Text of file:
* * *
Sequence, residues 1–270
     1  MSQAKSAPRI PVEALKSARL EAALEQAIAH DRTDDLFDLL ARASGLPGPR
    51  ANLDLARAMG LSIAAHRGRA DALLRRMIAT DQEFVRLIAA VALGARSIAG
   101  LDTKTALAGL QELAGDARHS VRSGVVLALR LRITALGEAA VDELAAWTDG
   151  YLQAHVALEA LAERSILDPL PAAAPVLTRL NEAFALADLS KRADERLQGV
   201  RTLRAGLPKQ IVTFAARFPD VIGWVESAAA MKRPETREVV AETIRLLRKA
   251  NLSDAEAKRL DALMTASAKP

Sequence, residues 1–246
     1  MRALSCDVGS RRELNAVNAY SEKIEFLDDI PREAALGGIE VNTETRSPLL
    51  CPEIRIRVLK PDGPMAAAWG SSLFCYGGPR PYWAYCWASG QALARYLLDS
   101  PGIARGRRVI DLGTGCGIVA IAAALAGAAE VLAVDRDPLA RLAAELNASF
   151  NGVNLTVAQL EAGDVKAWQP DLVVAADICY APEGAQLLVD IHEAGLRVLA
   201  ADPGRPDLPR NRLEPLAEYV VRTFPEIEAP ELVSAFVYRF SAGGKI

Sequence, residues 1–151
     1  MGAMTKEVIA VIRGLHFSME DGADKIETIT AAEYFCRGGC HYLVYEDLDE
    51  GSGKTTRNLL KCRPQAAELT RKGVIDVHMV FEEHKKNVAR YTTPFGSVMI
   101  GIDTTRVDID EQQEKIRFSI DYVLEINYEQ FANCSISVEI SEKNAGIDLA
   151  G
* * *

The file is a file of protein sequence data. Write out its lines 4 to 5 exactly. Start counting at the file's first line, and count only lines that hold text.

   101  LDTKTALAGL QELAGDARHS VRSGVVLALR LRITALGEAA VDELAAWTDG
   151  YLQAHVALEA LAERSILDPL PAAAPVLTRL NEAFALADLS KRADERLQGV